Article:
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Despite persistent violence and a critical election coming up, President Obama hardly ever mentions the war in Iraq - where more 110,000 U.S. troops remain - and leading American news outlets have drastically scaled back coverage of the conflict, moving on to domestic issues such as health care and the troubled economy.
In 2009, 149 American troops died in battle in Iraq - a higher loss rate than all but two of the 10 years U.S. forces have been in Afghanistan. But in 2010, Mr. Obama has mentioned the Iraq war just three times during formal speeches - twice in a single sentence during back-to-back events in early February for the Democratic National Committee and once in his Jan. 27 State of the Union address.
“We have begun to leave Iraq to its own people,” he said in his only line about the war during remarks at the Democratic National Committee meeting on Feb. 6.
The tenuous situation still facing U.S. forces in Iraq was underscored again Wednesday, when a string of suicide bomb attacks struck in quick succession in a former insurgent stronghold northeast of Baghdad, killing 32 people just days before a crucial election that will determine who will govern the country as American forces prepare to depart.
Mr. Obama has met privately at the White House with the leader of Iraq’s Kurdistan region and with U.S. Ambassador to Iraq Christopher Hill and U.S. military commander in Iraq Gen. Raymond T. Odierno since the beginning of the year, but on neither occasion did the president make any public remarks.
The White House press corps hasn’t asked Mr. Obama about the Iraq war in months. The president was last asked about the conflict on Dec. 7, during an Oval Office press availability with Turkish Prime Minister Recep Tayyip Erdogan. But the question came from a Turkish reporter - after an Associated Press reporter asked about the economy.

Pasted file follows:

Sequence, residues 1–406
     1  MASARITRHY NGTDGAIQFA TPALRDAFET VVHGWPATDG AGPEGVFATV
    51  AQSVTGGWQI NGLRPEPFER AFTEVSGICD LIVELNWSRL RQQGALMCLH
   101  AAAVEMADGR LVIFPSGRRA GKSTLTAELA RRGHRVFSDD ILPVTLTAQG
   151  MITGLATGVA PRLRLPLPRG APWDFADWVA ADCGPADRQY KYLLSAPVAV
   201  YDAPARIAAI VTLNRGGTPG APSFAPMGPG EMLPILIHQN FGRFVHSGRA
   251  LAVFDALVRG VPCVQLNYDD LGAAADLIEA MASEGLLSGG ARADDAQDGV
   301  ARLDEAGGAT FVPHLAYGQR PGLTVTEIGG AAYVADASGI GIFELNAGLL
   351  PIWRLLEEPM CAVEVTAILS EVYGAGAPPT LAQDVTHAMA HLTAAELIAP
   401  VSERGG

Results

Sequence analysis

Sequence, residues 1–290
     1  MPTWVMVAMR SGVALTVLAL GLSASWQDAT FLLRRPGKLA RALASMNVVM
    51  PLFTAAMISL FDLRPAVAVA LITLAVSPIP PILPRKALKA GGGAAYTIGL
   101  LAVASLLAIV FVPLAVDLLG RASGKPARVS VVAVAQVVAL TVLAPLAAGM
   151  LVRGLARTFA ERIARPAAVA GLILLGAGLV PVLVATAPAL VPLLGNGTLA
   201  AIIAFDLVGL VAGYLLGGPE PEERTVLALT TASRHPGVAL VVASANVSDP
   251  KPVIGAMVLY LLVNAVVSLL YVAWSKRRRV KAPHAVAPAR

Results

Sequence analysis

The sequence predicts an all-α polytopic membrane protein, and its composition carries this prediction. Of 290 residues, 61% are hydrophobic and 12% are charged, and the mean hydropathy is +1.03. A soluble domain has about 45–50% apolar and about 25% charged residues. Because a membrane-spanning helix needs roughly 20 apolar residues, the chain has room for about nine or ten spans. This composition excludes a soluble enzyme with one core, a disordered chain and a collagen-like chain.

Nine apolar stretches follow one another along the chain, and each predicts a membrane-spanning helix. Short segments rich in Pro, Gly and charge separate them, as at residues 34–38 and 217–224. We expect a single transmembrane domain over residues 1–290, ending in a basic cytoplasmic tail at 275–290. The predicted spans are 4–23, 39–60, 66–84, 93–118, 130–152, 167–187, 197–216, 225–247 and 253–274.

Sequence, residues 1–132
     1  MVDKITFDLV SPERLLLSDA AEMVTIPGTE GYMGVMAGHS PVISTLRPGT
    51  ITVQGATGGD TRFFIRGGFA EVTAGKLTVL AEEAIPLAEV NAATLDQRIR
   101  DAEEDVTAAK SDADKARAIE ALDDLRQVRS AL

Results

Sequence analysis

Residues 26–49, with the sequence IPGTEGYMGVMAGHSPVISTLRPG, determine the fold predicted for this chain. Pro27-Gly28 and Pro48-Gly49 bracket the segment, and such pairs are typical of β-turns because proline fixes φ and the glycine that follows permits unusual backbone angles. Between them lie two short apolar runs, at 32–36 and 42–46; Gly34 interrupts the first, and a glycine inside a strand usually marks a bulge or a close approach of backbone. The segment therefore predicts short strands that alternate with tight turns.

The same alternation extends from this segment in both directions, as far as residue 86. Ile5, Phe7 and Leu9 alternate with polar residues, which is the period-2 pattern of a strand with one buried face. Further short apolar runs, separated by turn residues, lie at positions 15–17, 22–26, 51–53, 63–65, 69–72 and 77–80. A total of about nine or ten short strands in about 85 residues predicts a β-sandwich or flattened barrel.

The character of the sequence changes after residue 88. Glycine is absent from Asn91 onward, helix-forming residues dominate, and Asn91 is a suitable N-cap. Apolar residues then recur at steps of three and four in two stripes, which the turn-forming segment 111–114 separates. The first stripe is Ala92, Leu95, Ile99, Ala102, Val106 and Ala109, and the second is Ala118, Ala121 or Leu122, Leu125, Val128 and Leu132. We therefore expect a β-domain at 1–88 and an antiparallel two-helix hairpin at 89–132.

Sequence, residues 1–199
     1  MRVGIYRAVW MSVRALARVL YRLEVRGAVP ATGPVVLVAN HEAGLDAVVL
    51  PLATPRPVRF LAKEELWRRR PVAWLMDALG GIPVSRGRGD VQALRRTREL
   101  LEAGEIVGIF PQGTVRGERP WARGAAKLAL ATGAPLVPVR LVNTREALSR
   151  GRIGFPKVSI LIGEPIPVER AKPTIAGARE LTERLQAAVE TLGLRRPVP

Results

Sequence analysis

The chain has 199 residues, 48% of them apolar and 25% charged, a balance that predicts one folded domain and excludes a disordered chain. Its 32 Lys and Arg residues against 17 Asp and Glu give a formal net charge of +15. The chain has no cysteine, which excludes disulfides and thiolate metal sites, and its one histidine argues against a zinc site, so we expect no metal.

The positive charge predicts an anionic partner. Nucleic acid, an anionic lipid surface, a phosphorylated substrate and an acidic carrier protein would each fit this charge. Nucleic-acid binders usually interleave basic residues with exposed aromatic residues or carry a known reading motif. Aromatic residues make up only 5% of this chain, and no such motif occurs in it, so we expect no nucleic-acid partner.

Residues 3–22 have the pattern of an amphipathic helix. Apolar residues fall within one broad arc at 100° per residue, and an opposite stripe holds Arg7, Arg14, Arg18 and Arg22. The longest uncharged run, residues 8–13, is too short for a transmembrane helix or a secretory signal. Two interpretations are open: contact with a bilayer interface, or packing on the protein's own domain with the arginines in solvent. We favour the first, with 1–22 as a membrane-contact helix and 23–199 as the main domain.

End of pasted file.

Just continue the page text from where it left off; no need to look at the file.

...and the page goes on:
In fact, the last time a White House reporter asked about the Iraq war was June 26, when National Public Radio’s Don Gonyea asked an Iraq-related question during a joint news conference of Mr. Obama and German Chancellor Angela Merkel, according to records kept by CBS Radio reporter Mark Knoller.
White House spokesman Tommy Vietor said Vice President Joseph R. Biden Jr. has taken the “point” on Iraq.
“The president is very closely monitoring ongoing efforts, both military and political, in Iraq. So much so that he asked Vice President Biden to run point on the issue. … I’d encourage you to e-mail the vice president’s team, as they can provide you a pretty fulsome accounting of our efforts,” Mr. Vietor said.
Meanwhile, the three main broadcast networks - ABC, NBC and CBS - have moved on to other topics as well.
In 2008, the Iraq war was the seventh most heavily covered story, with the three networks devoting 288 minutes to reports about the war, according to the Tyndall Report, which monitors the weekday nightly newscasts of the networks. In 2009, the Iraq war dropped off the top 10 list, with just 80 minutes of coverage.
The New York Times wrote 374 “substantial” stories on Iraq in 2008 (meaning the word “Iraq” appears at least 10 times in article), according to the Nexis database. In 2009, that dropped to 208. The same went for The Washington Post - 422 “substantial” stories on Iraq in 2008; 169 in 2009, after Mr. Obama had taken office.
The reason for the dramatic downturn is simple, said John Pike, an analyst on defense and intelligence policy and director of GlobalSecurity.org.
“Of course [President Obama] is not going to mention it. What’s he going to say? There’s not much political incentive for Mr. Obama to talk about it. They may be starting a big drawdown after the [Iraqi] elections, but Lord, here we are a year and change after the inauguration and the troop levels today are about the same as they’ve been off and on for the last six years,” Mr. Pike said.
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